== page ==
The impact of the Doctor of Ministry degree happens at three levels:
- Personal: it is a personally challenging and stretching experience, increasing the capacity of leaders
- Strategic: students work on their most significant ministry challenge, researching at depth in a dissertation, making them experts in the field of this work, and better enabling them to deliver church planting and pioneering on the ground
- Kingdom: the degree is cohort-based, and the fellowship amongst the students and faculty is a key element to the success and enjoyment of the degree. It is hoped that the London D Mins will generate a substantial body of work which can resource the British and European church for mission in our times.
Asbury’s material on the Doctor of Ministry degree can be read here:
The coaches are both American and British. In addition, an online step-by-step tutorial is available to students throughout the three years. The degree is an applied doctorate, spanning three and a half years. It is both taught (the modules) and self-taught (the dissertation). It occurs both online and in-person. The dissertation work is guided by a mentor and an online tutorial.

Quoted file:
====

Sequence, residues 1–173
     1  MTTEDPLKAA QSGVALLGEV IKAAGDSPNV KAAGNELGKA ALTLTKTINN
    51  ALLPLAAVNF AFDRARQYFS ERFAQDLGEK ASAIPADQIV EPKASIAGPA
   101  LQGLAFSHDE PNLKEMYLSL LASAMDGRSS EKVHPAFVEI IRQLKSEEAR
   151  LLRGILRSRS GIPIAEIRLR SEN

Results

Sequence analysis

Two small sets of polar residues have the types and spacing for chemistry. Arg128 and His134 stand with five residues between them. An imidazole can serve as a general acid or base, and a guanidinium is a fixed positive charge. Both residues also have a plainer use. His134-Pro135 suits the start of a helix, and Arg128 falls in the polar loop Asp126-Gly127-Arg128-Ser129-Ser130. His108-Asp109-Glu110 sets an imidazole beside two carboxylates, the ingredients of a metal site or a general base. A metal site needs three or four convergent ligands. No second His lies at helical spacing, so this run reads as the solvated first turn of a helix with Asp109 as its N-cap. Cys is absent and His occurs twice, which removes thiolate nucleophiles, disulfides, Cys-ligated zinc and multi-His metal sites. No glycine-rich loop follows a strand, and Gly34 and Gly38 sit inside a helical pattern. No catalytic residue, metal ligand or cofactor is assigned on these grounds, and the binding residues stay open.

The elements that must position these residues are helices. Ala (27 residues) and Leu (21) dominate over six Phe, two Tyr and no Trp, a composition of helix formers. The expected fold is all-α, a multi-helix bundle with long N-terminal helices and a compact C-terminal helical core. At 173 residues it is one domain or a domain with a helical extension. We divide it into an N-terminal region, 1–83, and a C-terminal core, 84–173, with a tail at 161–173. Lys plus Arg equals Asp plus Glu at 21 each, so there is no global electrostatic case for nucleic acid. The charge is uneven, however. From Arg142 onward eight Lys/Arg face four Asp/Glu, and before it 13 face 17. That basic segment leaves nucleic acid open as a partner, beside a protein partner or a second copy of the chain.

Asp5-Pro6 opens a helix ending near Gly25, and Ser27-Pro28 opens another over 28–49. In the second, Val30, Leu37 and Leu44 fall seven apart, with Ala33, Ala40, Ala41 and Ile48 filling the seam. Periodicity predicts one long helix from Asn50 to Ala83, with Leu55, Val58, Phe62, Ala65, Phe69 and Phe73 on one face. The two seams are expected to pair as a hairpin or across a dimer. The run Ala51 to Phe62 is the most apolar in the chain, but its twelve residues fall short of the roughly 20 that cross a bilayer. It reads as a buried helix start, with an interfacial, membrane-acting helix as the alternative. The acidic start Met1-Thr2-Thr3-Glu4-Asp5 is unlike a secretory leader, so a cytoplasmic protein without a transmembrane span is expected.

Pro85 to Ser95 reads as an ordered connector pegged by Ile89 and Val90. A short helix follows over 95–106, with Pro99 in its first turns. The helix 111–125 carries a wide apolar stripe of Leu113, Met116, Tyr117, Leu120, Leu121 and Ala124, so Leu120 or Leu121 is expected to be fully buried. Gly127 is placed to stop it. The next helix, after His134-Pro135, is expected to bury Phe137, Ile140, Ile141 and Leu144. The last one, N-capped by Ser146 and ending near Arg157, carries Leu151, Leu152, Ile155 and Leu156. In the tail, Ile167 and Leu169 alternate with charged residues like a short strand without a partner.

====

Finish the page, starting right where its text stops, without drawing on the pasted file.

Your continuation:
The heart of the degree is the dissertation. This would be 60,000 – 100,000 words, in five chapters. The student, in conjunction with their dissertation supervisor, chooses a topic that combines
- Their primary ministry challenge
- Their personal passion and interest
- The most usefulness to the wider church.
The dissertation is written throughout the degree, not just at the end (as is often the case in many doctoral degrees). A template is provided by Asbury, which is essential to the writing of the dissertation. Synchronous dissertation instruction is provided three times a year, and each student is assigned a dissertation coach, who checks in with the student once a month. The dissertation coaches are practitioners in the fields of church planting and pioneering, who have studied at doctoral or higher levels.